Acute Exposure to Microplastics Induced Changes in Behavior and Inflammation in Young and Old Mice

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Scientists find that mice exposed to microplastics through water experience behavioral, brain, liver, and immune system effects. These effects seemed to be more pronounced in older mice.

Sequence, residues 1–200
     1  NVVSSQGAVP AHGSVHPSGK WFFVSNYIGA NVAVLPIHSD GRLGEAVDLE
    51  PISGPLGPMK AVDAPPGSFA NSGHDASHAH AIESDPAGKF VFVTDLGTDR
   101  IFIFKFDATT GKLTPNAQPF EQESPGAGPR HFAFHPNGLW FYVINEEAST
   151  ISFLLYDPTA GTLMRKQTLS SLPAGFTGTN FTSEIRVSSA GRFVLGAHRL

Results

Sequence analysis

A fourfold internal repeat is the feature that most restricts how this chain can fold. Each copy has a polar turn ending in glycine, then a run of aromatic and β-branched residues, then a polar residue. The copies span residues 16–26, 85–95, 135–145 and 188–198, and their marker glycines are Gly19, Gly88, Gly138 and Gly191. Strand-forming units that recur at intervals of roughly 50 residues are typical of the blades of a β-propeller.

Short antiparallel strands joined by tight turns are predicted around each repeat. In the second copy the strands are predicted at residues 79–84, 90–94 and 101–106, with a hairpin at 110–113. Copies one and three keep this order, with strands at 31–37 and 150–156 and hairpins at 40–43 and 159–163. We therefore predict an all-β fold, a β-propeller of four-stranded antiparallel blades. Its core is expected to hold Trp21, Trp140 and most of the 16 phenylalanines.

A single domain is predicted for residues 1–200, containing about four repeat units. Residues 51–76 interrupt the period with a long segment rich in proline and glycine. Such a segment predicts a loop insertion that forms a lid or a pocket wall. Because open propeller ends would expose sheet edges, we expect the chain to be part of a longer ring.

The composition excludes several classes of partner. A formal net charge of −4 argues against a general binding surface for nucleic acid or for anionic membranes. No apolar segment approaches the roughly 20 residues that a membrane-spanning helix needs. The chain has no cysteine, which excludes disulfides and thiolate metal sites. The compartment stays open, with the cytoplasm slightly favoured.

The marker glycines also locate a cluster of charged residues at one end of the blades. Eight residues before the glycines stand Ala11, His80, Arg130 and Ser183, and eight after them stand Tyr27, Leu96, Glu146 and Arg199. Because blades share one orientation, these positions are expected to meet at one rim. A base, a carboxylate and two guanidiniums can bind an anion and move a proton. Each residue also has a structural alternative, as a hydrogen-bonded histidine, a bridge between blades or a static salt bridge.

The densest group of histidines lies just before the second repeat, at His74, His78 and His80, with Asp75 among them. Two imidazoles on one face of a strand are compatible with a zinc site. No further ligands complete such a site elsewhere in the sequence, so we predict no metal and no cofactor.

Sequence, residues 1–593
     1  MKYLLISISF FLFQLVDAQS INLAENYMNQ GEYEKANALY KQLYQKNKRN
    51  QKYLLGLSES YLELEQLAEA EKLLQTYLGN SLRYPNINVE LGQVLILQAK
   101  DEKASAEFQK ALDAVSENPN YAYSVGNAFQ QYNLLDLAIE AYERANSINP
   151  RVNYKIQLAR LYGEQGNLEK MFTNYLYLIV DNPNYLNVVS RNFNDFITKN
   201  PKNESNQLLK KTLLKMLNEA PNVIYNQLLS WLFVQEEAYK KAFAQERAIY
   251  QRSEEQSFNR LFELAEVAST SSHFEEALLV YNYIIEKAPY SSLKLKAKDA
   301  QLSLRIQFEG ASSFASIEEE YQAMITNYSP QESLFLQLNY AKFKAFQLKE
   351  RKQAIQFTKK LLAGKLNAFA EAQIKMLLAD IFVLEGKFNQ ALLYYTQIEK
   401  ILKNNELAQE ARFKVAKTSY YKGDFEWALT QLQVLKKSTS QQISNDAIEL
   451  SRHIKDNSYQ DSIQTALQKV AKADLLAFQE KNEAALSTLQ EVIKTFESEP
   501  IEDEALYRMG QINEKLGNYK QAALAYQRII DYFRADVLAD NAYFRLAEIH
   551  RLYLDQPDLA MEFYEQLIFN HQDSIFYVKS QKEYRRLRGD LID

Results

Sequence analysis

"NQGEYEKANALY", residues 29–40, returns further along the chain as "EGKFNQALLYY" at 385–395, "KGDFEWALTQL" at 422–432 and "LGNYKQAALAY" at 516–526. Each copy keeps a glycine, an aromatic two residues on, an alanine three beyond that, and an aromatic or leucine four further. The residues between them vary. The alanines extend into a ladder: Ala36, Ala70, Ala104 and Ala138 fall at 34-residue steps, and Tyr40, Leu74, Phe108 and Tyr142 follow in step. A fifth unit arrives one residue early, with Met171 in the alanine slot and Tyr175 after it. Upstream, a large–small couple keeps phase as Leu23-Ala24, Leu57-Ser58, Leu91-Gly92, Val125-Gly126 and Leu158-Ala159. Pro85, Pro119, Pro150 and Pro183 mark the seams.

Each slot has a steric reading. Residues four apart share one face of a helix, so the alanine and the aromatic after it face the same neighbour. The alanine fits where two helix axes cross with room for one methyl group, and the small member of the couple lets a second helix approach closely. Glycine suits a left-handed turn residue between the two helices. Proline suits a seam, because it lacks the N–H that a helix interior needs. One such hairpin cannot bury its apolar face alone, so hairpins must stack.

Abstract: Environmental pollutants have become quite ubiquitous over the past two centuries; of those, plastics, and in particular, microplastics (<5 mm), are among the most pervasive pollutants. Microplastics (MPs) have found their way into the air, water system, and food chain and are either purposely produced or are derived from the breakdown of larger plastic materials. Despite the societal advancements that plastics have allowed, the mismanagement of plastic waste has become a pressing global issue. Pioneering studies on MPs toxicity have shown that exposure to MPs induces oxidative stress, inflammation, and decreased cell viability in marine organisms. Current research suggests that these MPs are transported throughout the environment and can accumulate in human tissues; however, research on the health effects of MPs, especially in mammals, is still very limited. This has led our group to explore the biological and cognitive consequences of exposure to MPs in a rodent model. Following a three-week exposure to water treated with fluorescently-labeled pristine polystyrene MPs, young and old C57BL/6J mice were assessed using behavioral assays, such as open-field and light–dark preference, followed by tissue analyses using fluorescent immunohistochemistry, Western blot, and qPCR. Data from these assays suggest that short-term exposure to MPs induces both behavioral changes as well as alterations in immune markers in liver and brain tissues. Additionally, we noted that these changes differed depending on age, indicating a possible age-dependent effect. These findings suggest the need for further research to better understand the mechanisms by which microplastics may induce physiological and cognitive changes.

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